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Ultraviolet-A (UV-A) light has antimicrobial activity, and low doses may be safe.
We tested a commercial UV-A light fixture intended for use in health care settings.
The UV-A device reduced bacteria and viruses, but not spores, on steel carriers.
UV-A exposure from a ceiling light fixture reduced pathogens on medical equipment.
UV-A could provide continuous low-level decontamination of surfaces in health care.
We found that ultraviolet-A (UV-A) light exposure resulted in a modest reduction in recovery of methicillin-resistant Staphylococcus aureus (MRSA), Candida auris, bacteriophage MS2, and bacteriophage Phi X174, but not Clostridioides difficile spores, on steel disk carriers. Four hours of UV-A exposure from a ceiling light fixture resulted in a significant reduction in pathogenic microorganisms recovered from in-use medical equipment. These findings suggest that UV-A could be useful as a means to provide continuous low-level decontamination of surfaces in health care facilities.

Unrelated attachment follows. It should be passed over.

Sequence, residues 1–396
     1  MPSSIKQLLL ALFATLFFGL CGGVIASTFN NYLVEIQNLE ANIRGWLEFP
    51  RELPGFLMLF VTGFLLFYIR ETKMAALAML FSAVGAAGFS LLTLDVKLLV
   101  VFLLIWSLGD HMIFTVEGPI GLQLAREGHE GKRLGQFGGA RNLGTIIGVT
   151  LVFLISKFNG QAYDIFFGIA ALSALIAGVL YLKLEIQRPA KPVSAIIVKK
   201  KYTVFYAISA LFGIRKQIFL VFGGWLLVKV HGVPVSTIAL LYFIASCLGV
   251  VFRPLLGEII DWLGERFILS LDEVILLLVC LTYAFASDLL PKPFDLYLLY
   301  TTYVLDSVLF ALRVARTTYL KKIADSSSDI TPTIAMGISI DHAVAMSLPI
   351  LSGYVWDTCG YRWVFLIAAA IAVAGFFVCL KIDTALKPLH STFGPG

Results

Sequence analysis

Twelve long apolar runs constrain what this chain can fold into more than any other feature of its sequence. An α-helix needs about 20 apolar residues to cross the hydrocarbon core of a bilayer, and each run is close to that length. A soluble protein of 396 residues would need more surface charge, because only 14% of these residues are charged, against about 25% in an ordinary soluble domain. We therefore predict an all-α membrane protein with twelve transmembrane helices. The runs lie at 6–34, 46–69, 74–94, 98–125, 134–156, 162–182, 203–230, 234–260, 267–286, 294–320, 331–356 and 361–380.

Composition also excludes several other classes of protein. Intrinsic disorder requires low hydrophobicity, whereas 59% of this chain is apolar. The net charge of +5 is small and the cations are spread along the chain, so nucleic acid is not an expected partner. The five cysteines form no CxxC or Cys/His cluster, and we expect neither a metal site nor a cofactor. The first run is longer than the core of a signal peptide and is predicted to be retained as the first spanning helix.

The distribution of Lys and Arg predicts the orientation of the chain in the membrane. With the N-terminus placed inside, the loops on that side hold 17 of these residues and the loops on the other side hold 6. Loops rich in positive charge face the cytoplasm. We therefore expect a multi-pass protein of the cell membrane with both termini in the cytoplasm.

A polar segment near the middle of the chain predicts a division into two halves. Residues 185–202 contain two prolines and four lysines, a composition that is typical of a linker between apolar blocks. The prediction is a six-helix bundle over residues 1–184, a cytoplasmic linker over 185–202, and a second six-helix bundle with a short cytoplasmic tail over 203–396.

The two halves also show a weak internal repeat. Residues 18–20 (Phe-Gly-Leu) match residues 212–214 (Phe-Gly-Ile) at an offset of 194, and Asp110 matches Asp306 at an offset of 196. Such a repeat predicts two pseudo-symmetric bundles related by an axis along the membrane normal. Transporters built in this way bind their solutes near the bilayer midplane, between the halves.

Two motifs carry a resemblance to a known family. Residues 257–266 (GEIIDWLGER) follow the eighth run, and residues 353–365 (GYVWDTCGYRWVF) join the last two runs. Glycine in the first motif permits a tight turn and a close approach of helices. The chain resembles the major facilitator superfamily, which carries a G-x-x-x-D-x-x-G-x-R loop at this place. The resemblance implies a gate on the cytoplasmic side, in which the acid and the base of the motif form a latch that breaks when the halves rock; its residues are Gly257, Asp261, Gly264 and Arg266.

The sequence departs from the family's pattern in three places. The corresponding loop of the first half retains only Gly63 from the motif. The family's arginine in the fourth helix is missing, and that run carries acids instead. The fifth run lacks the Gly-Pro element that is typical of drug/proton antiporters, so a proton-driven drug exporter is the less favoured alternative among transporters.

Unfortunately, performance of manual cleaning and disinfection is often suboptimal. Automated room decontamination devices such as ultraviolet-C (UV-C) light devices can be effective as an adjunct to routine cleaning.
A commercial UV-A light fixture that is intended for use in health care settings is currently in development. In the current study, we examined the efficacy of UV-A light in reducing microorganisms on carriers and on portable medical equipment.
Description of test devices